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Howard Beck of the New York Times: This latest negotiating session, the 21st of the lockout, lasted for eight and a half hours, ending around 1:30 a.m. Sunday. Under the guidance of George Cohen, a federal mediator, the parties actually narrowed the gap on some crucial items before the talks collapsed. The players — who had vowed not to accept less than 52.5 percent of league revenues — proposed a 51 percent share, with 1 percent devoted to aid retired players. That moved them within 1 percent of the league’s longstanding proposal. On Saturday, the owners proposed a “band” that would pay the players 49 to 51 percent, depending on revenue growth. But the union said it amounted to a 50 percent offer, because the threshold for growth was so high that the share would never get to 51. Jeff Kessler, the union’s outside counsel and chief negotiator, called the 49 to 51 band “a fraud.” Yet it was ultimately the mechanics of a new system, not the revenue split, that killed the talks. The league’s standing proposal would eliminate spending options for teams that pay the luxury tax, by banning them from sign-and-trade deals and the use of the midlevel exception. At Cohen’s suggestion, the league proposed a “mini-midlevel” that would start at $2.5 million — half the value of the full midlevel — and would be limited to two-year deals. The N.B.A.’s proposal also called for an additional penalty — a so-called “repeater tax” — on teams that exceed the tax threshold three times in a five-year span. The union is open to the concept, but not at the steep rates proposed by the league. The net effect of the N.B.A.’s proposal, the union said, would be to eliminate the highest-spending teams from acquiring top talent — thus devastating the free-agent market.

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Mitch Lawrence of the New York Daily News: The owners have not threatened to impose a flex-cap since last summer. But it’s a sign that they’re running out of patience with the players, who continue to hold out for more of the same soft-cap features that were part of the last collective bargaining agreement. “We want our players to play and we’d like to have a season and these are the terms upon which we’re prepared to gear up and get in as many games as possible,’’ Stern said. The league has already cancelled all of its November schedule. With the players already rejecting the owner’s latest offer, it seems fairly certain that December games will soon start to go up in smoke, too. In addition to the split of revenue, owners in this latest proposal want players to accept a decrease in the mid-level exception, from five years to two years for teams over the luxury tax. There would also be reductions in the terms of the exception for non-tax paying teams. The deal would also penalize taxpayers by not allowing them to work sign-and-trade transactions. Jordan is one of nearly 12 owners who don’t want players to get above 47%. But Stern said that he would have enough votes to get the deal for the players allowing for them to get upwards of 51%. That’s because Jordan, Charlotte majority owner, and other small- and mid-market owners who lost $300 million last season do not have enough votes to kill a deal. To ratify a deal, Stern needs a simple majority of 16 votes. “This is not good faith to the players or to the fans,’’ said union counsel Jeffrey Kessler. “The players will not be intimidated. That’s what the league is doing in presenting an ultimatum to us.’’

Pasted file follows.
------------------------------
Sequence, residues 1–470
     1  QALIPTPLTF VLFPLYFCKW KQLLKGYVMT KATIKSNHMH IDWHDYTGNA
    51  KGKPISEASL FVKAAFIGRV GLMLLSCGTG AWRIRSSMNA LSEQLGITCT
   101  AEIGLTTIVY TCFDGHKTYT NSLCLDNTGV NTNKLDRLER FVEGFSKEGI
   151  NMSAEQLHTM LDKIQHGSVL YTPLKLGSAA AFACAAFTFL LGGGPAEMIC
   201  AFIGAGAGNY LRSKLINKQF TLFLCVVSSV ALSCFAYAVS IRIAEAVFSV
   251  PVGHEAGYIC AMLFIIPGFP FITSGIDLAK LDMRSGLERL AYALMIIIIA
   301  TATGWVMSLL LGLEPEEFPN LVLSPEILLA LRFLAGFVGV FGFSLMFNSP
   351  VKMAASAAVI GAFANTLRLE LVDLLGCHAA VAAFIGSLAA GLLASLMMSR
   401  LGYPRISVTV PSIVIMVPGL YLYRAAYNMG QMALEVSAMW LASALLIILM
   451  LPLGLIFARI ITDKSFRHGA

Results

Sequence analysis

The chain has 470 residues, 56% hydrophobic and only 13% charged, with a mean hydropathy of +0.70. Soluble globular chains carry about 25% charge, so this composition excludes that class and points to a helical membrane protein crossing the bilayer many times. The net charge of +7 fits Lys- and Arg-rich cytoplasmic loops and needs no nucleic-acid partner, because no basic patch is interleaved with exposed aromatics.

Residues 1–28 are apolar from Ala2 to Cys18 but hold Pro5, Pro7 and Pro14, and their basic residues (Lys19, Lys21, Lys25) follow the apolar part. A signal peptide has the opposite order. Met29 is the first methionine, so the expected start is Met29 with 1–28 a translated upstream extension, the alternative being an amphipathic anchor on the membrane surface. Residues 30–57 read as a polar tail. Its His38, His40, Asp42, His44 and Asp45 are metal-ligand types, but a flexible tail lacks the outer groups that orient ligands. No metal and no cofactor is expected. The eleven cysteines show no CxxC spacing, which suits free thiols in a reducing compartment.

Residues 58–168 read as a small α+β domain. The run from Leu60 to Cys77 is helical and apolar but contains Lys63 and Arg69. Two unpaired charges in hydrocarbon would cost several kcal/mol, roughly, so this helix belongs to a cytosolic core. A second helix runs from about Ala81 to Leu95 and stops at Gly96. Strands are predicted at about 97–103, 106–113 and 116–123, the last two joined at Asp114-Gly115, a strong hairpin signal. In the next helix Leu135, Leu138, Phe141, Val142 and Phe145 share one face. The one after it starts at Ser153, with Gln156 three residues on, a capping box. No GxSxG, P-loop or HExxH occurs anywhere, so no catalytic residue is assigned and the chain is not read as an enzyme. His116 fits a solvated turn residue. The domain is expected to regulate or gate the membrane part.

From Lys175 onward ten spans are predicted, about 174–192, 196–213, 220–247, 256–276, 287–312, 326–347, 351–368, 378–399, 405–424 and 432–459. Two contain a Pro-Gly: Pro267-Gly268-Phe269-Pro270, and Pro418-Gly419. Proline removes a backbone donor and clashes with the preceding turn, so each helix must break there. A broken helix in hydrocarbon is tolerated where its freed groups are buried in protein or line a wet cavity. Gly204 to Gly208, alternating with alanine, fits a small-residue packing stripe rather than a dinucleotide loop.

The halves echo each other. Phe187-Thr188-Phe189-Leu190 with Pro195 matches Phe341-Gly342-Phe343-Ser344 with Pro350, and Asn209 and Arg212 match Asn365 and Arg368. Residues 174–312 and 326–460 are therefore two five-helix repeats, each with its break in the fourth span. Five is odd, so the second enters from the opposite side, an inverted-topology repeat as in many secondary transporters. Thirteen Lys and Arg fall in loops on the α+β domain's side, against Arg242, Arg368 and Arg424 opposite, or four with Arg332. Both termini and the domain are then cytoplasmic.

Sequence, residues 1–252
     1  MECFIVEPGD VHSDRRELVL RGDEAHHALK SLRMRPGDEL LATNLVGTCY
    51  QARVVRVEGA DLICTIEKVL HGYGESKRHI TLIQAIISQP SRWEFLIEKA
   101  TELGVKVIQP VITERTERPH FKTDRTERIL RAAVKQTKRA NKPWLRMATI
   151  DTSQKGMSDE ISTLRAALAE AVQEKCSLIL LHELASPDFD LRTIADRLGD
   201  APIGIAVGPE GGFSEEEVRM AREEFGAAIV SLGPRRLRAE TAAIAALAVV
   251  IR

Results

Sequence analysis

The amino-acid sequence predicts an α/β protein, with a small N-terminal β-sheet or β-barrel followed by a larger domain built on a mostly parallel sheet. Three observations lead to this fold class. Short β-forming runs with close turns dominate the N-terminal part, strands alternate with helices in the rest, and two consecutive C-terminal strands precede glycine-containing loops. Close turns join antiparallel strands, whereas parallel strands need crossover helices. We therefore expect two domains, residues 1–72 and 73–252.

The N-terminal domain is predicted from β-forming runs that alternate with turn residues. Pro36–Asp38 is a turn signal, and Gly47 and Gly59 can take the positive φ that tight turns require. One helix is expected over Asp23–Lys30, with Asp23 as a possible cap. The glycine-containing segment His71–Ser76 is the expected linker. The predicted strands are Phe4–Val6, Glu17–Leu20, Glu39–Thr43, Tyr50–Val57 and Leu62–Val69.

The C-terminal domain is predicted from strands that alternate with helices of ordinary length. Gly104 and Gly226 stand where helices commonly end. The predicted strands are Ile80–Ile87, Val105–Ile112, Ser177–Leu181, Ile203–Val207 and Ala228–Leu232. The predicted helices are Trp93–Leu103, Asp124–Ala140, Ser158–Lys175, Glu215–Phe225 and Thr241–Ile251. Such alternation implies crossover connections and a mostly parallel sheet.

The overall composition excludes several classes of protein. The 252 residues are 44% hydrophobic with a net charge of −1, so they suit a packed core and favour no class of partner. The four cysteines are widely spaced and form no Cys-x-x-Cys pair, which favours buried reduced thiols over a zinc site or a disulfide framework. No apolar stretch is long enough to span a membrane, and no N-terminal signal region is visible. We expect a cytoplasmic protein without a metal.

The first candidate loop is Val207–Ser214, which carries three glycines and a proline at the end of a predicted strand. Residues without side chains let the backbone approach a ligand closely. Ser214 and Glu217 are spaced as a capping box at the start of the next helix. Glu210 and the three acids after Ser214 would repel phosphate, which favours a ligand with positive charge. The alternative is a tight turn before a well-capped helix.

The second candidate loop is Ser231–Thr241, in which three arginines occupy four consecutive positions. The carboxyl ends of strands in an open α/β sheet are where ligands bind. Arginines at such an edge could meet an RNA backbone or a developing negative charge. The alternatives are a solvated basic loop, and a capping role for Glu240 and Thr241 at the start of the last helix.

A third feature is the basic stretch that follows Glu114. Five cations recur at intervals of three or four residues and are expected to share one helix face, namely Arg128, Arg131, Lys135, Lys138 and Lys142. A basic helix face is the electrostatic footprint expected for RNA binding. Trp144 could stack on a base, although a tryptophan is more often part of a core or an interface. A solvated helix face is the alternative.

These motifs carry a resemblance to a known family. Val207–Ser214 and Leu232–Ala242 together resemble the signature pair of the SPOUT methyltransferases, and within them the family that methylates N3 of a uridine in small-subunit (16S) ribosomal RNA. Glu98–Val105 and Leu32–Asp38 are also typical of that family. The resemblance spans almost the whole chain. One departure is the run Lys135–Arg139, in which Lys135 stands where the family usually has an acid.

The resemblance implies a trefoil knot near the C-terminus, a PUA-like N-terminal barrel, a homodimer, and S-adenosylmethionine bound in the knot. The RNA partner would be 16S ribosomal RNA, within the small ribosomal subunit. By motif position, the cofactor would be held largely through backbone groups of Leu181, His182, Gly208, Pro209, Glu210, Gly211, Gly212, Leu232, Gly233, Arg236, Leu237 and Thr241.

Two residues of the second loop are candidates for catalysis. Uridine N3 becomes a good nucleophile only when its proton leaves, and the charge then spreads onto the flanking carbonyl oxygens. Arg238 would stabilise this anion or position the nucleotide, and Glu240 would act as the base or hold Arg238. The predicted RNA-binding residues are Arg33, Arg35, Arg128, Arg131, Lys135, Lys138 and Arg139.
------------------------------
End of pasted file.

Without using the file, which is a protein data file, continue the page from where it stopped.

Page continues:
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Marc Stein of ESPN.com: Bear in mind that there’s a big difference between rounding up the 130 players needed to sign a petition to vote on decertification and finding a 50 percent-plus-one majority in a union of roughly 450 members amenable to actually voting for decertification. Because decertification is “risky and messy,” as established above, there is undeniable skepticism around the league about how many players would be willing to go all the way through with it. And maybe that’s why some ownership sources insist that the decertification process won’t have nearly as much impact as its supporters contend. But if it merely gets as far as a vote — no matter what would happen when decertification ballots are passed out — that’s when you’ll know that there’s really no hope for a 2011-12 season. If the union ultimately does decertify fully, there won’t even be time at that point to do what NBA commissioner David Stern does not want to do and stage another 50-game season. The reality, though, is that we’re still some distance removed from that crossroads. Wednesday is the deadline announced by Stern for the union to take the deal as currently constructed, but this sad saga can rumble on for at least another good month — and probably longer — unless Stern can convince the union that they better take Saturday’s offer because he’s serious about canceling the rest of the ’11-12 season before Thanksgiving.XX